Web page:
Technical Comments

Response to Comment on "A Brief History of Seed Size"

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Science  04 Nov 2005:
Vol. 310, Issue 5749, pp. 783
DOI: 10.1126/science.1116276

Grubb et al. (1) suggest that the shape of the relation between seed mass and plant size is better explained by the mechanical-constraints hypothesis than by a coordination of life-history traits, as suggested by Moles et al. (2). Their preference for the mechanical-constraints idea is largely based on the shape of the relation between seed mass and plant size.

Grubb et al. used data from 226 species from an Australian rainforest to show that the slope of the lower boundary (5% quantile) of the relation between seed mass and plant size was shallower than the slope of the upper boundary (95% quantile) (1). We believe that this is not sufficient evidence to exclude a Charnov-like explanation for the relation between seed mass and plant size or to support the mechanical-constraints hypothesis.

Under the mechanical-constraints hypothesis, small plants should only be able to produce small seeds, whereas large plants should be able to produce either large or small seeds. This hypothesis does provide a parsimonious explanation for the relationship presented by Grubb et al. [in which the lower boundary (5% quantile) has a slope that is not significantly different from zero (3)]. However, examination of a larger data set [(Fig. 1; data from (4)] reveals a general absence of large plants that produce very small seeds (despite the inclusion of four Ficus species) and a 5% quantile line whose slope is significantly different from zero (P < 0.001; log-log slope = 0.63) (Fig. 1). Mechanical constraints could explain the upper boundary of this relation but cannot explain the absence of very large plants that produce very small seeds. Thus, although mechanical constraints might contribute to the relation between seed mass and plant size, it cannot be the sole process in operation.

Fig. 1.

The relation between seed mass and plant size, across 2589 species from all around the world. The lines show the mean trend and the 95% and 5% quantiles (calculated using R).

A theory based on coordination of life-history traits provides one possible explanation for the absence of very large plants that produce very small seeds: Large offspring are necessary to offset the low survivorship to adulthood that would otherwise be a consequence of the longer juvenile periods associated with large adult size (5). Grubb et al. contend that the shape of the relation between maternal mass and offspring size is too different in plants and in animals to be explained by the same mechanism. It is true that the slope and R2 of this relation are much lower for plants than for animals (Fig. 2), but the general shape is similar. In the absence of a full mathematical theory about the shape of the relation for plants, it is impossible to test whether a theory based on coordination of life-history traits could explain both relations, or even to determine whether the greater range of offspring masses displayed by taller plants is consistent or inconsistent with this theory.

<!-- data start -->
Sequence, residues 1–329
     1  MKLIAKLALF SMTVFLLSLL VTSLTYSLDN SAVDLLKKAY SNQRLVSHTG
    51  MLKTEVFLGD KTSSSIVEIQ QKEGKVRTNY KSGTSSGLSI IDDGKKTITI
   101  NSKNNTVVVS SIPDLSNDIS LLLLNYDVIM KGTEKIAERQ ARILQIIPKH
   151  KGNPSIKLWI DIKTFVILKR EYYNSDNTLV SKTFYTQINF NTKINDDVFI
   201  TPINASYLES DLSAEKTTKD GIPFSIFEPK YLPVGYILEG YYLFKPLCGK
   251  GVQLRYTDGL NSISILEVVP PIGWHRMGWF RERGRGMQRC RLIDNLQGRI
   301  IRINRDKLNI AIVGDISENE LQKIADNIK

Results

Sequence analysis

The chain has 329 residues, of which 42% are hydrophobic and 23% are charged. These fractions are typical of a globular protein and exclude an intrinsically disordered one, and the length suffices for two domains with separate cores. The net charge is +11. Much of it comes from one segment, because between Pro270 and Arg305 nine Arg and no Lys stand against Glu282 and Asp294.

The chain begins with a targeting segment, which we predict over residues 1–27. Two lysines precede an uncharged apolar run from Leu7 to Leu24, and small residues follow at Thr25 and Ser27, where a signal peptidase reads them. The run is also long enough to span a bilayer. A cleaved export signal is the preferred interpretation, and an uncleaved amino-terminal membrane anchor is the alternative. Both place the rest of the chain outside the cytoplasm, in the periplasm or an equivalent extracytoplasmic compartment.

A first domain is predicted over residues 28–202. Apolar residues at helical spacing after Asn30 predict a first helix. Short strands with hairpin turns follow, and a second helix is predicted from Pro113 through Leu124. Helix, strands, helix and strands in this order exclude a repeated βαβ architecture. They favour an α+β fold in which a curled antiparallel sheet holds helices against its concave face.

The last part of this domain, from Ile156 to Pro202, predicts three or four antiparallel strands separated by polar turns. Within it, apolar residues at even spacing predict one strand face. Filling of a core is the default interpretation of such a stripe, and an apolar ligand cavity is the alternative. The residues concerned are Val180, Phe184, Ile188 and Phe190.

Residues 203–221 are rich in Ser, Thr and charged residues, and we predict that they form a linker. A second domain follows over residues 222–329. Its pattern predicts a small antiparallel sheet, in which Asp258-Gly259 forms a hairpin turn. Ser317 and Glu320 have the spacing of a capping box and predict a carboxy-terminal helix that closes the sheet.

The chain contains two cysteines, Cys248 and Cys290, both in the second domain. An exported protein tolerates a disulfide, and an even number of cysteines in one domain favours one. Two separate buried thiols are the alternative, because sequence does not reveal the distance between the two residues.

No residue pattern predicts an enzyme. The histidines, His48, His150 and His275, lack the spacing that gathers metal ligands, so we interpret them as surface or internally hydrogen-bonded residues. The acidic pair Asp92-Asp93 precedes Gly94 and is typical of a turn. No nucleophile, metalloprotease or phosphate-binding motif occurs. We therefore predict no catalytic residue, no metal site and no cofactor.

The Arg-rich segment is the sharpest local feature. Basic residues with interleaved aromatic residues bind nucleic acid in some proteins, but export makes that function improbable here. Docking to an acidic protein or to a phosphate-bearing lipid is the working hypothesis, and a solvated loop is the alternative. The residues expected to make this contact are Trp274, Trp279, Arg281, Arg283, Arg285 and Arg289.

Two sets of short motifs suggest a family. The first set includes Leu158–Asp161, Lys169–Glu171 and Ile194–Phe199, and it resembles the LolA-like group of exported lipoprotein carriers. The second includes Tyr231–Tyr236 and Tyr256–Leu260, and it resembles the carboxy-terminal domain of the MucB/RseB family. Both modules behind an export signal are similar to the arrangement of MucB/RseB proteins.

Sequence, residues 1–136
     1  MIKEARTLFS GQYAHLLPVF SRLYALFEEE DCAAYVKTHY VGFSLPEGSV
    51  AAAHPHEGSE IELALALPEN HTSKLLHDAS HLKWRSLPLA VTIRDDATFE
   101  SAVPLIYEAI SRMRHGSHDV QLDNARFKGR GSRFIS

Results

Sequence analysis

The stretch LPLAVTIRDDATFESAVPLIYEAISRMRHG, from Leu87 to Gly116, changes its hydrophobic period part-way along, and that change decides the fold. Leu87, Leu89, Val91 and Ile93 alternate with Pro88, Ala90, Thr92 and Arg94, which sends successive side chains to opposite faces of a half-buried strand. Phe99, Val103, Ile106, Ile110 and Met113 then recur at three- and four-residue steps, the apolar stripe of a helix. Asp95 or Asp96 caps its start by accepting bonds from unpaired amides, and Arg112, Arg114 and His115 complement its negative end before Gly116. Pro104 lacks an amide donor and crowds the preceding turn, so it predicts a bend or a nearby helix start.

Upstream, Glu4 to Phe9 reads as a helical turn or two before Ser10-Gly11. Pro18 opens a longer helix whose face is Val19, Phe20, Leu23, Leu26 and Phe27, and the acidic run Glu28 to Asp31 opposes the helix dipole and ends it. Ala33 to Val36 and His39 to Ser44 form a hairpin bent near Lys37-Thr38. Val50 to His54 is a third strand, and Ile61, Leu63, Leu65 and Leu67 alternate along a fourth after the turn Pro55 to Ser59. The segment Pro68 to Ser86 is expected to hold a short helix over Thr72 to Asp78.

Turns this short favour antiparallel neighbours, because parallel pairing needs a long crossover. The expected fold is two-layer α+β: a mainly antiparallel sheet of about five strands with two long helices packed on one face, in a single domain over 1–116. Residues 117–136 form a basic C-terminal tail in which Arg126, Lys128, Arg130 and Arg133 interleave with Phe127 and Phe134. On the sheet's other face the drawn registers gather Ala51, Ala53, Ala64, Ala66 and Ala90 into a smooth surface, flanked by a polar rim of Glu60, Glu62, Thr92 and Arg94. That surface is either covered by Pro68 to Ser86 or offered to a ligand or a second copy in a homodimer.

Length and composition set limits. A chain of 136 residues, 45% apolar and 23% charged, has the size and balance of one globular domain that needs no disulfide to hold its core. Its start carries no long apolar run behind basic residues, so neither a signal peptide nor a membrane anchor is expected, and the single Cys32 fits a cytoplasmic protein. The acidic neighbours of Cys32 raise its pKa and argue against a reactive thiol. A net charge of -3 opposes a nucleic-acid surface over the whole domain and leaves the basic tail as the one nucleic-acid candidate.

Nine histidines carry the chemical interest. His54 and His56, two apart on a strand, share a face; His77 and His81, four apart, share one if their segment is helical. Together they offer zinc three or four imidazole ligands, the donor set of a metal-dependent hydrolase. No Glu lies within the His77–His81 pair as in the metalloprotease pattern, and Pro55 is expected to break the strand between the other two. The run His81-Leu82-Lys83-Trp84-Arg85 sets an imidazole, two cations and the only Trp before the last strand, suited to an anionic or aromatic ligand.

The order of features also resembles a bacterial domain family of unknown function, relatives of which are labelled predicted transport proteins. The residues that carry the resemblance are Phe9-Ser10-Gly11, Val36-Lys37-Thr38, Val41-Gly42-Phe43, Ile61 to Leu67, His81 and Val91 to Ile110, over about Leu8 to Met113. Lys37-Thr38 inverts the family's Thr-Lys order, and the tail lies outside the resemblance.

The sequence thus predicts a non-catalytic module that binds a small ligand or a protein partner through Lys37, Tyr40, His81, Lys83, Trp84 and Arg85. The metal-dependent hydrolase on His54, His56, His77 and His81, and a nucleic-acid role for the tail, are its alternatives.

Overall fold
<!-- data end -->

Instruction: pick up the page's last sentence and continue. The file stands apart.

Fig. 2.

The relation between maternal mass and offspring size at independence (mass at weaning for mammals, seed mass for plants) for 397 mammal species [data from (7)] and 224 plant species [data from (6)]. The slope of the relation for mammals is 0.93 (R2 = 0.97), whereas the slope of the relation for plants is just 0.47 (R2 = 0.43). Plant species were only included if researchers had published masses (i.e., masses were not derived from diameter measurements). This has resulted in a bias toward small plant species, but we have no reason to believe that this will affect the slope of the relation.

We still feel that an explanation based on coordination of life-history traits provides a better fit to the empirical data than do alternatives [full discussion in (6)]. However, further research will be needed if we are to quantify the relative importance of the different proposed mechanisms underlying the relation between plant size and seed size.

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